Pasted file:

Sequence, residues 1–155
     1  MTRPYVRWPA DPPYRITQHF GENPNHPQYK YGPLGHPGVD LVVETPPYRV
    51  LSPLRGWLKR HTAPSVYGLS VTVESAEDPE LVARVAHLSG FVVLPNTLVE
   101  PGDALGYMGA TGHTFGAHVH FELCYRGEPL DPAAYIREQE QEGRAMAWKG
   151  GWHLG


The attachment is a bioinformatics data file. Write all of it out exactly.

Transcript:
Sequence, residues 1–155
     1  MTRPYVRWPA DPPYRITQHF GENPNHPQYK YGPLGHPGVD LVVETPPYRV
    51  LSPLRGWLKR HTAPSVYGLS VTVESAEDPE LVARVAHLSG FVVLPNTLVE
   101  PGDALGYMGA TGHTFGAHVH FELCYRGEPL DPAAYIREQE QEGRAMAWKG
   151  GWHLG